Several years ago, I became a regular contributor to Feminists for Life. It wasn’t much, mind you, just a few bucks deducted each month automatically from my checking account. I first found FFLA (as it is often called) in 2000 after reading a Frederica Mathewes-Green article on the web. I was very excited to join, particularly as Feminists for Life seemed to advocate a strong consistent-life ethic; they opposed abortion, of course, but also euthanasia, capital punishment, and had several articles on their site about domestic violence.
I joined FFLA because I was eager to match, in some way, my convictions about the sacredness of all life (including embryonic human life) with my belief in equal political, social, economic, and sexual rights for women. Everything I had learned as a student in women’s studies courses (and from my solidly pro-choice family) had convinced me that the right to control one’s own flesh is the most basic and important right of all, the sine qua non, if you will, of feminism. On the other hand, as my faith grew and deepened (thanks in no small part to my encounters with the Mennonites), I was increasingly convinced that the life of a Christian ought to be one of radical, total non-violence. My conviction that life began at conception deepened as I read everyone from the aforementioned Mathewes-Green to Mary Ann Glendon whose famous address to the 1995 Beijing Conference on Women I have read and reread.
During this time, I came to believe that abortion was also a critical issue for men. Glendon’s words from the conference struck me:
…as John Paul II has emphasized, primary responsibility for a
woman’s tragic and painful decision to have an abortion often lies with men and
with the general social environment. All who are genuinely committed to the
advancement of women know that society can and must offer a woman or girl who is
pregnant, frightened, and alone, a better alternative than the destruction of
her own unborn child. Many proponents of abortion as a woman’s
"right", however, are far from having women’s interests at heart. In
fact, hiding in the shadows of the abortion rights movement are: irresponsible
men; the prostitution traffic…
(Bold emphases are mine)
Honestly, I still find myself in complete agreement with every single word in that paragraph.
I’ve been thinking a lot about what it means to be a pro-life, pro-feminist man. (For starters, it means you’re going to confuse a lot of people, and annoy lots of others. Oh, and you’re gonna have lots of ‘splainin’ to do!) I’ve come to the conclusion that the only way I can reconcile these two aspects of my faith and my beliefs is to focus solely on calling men to greater accountability. In practice, that means dropping out of the current abortion wars. I have, as of this month, cancelled my contributions to Feminists for Life. I’ve been thinking about doing so for a while, ever since they quietly dropped their anti-death penalty advocacy (I find nothing about it on the site these days, though there were once many articles on capital punishment) and become a solely abortion-focused movement. At the same time, I’m not going to give a dime to NARAL or Feminist Majority or Planned Parenthood. To the best of my ability, I’m going to avoid supporting either side in the struggle over legalized abortion. My heart is too torn, my politics too conflicted, for me to do anything else.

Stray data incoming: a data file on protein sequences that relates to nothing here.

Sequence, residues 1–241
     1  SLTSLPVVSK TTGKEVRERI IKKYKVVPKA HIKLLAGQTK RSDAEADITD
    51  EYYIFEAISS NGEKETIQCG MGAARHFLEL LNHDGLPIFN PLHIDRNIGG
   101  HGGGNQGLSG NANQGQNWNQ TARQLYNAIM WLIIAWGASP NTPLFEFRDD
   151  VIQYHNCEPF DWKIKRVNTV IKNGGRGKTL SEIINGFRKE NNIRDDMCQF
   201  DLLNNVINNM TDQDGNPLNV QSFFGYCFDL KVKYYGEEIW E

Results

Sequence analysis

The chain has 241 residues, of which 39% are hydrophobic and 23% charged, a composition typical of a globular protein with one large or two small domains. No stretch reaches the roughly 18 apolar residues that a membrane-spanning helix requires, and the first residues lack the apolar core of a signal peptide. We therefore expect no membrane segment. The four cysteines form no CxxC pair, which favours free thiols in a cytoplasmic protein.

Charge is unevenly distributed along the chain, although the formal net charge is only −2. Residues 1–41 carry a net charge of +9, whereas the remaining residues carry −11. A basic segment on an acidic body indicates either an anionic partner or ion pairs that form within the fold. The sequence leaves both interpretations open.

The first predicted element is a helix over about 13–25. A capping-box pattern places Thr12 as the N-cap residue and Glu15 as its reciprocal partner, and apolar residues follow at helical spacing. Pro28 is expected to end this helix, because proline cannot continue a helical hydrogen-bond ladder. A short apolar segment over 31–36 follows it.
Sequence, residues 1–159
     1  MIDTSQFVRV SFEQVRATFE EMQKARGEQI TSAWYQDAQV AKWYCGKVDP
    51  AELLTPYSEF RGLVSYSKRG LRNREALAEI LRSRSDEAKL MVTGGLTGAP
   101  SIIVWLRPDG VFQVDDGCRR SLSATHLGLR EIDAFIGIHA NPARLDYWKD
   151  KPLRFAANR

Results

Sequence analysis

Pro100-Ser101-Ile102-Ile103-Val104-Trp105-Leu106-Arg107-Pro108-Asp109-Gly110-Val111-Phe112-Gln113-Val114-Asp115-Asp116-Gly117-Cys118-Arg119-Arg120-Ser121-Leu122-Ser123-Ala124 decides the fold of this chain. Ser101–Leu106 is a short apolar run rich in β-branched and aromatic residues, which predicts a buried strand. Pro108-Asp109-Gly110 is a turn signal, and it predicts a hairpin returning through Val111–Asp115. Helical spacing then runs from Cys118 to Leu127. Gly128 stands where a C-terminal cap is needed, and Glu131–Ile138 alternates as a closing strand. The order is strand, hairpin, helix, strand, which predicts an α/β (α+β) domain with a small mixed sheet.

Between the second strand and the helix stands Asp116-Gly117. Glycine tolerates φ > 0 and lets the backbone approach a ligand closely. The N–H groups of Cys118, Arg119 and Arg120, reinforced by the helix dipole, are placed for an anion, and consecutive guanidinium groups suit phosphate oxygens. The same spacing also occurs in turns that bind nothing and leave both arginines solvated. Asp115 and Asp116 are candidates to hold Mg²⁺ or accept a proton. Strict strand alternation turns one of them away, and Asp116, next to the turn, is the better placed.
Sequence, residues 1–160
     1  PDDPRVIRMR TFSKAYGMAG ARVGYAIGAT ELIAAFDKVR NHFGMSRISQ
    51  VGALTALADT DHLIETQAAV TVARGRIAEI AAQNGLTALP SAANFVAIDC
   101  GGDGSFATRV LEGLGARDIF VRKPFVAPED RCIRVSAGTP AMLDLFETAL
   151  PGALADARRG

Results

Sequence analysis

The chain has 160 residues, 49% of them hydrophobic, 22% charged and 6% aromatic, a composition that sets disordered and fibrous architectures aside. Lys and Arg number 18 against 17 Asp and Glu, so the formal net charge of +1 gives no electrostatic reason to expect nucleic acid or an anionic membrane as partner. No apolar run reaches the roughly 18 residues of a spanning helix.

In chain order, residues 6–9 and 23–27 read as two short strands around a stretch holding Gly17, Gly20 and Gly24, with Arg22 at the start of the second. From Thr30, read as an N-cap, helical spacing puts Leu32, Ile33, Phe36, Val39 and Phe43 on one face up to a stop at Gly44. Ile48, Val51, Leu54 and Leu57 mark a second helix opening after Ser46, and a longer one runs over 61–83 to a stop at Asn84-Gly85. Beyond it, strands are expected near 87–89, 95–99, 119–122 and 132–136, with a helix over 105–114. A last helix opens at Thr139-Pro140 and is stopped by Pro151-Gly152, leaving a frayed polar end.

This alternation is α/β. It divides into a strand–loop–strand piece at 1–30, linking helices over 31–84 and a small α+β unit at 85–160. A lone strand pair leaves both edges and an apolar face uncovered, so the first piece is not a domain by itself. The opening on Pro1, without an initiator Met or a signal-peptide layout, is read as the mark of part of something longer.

But I am not going to shirk all responsibility here. Rather, I’m determined to work harder on reaching out to and interacting with young men on the issue of sexual accountability. That may mean several things. For one, it means working with teenage boys to resist the overwhelming culture of peer pressure that encourages them to "hook up" and "hit it" with as many young women as possible It means working to break the cultural connection between having sex and being a "man". It means teaching them that being "responsible" is about more than wearing a condom (though heaven knows, some of them need to start doing just that). It means teaching them that they are responsible for the outcome of any sexual activity in which they engage. At its bluntest, that’s a message that says "don’t ejaculate inside a woman until you are ready to raise the child that may follow." In my book, coming inside a girl or a woman is the moment at which you give your complete consent to all that may follow as a result, physically, emotionally, spiritually.
I can already anticipate the Men’s Rights Advocates’ response: "What about the woman’s responsibility?" Women, including sexually active teenage girls, have their own agency. They have their own moral responsibilities. But I do believe that at this phase of the struggle, the most effective work that pro-life/pro-feminist men can do is with other young men. That doesn’t mean I won’t work with and counsel young women (I already do as a youth leader). But my primary focus, and the primary focus of all men who want to end abortion must be to change the hearts, minds, and above all, the behavior of their brothers.
I’ve decided that in both public and private, I will take no position on whether abortion ought to remain legal. But I will work, in whatever way I can, to make it unthinkable.